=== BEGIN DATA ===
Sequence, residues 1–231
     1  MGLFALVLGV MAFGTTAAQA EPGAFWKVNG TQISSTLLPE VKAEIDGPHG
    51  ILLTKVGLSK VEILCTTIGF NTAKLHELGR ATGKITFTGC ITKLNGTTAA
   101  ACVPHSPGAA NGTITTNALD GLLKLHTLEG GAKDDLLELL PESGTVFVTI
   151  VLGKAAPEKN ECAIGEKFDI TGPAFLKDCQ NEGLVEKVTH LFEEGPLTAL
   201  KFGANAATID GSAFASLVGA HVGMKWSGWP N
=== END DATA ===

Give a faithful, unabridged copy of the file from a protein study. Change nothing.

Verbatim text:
Sequence, residues 1–231
     1  MGLFALVLGV MAFGTTAAQA EPGAFWKVNG TQISSTLLPE VKAEIDGPHG
    51  ILLTKVGLSK VEILCTTIGF NTAKLHELGR ATGKITFTGC ITKLNGTTAA
   101  ACVPHSPGAA NGTITTNALD GLLKLHTLEG GAKDDLLELL PESGTVFVTI
   151  VLGKAAPEKN ECAIGEKFDI TGPAFLKDCQ NEGLVEKVTH LFEEGPLTAL
   201  KFGANAATID GSAFASLVGA HVGMKWSGWP N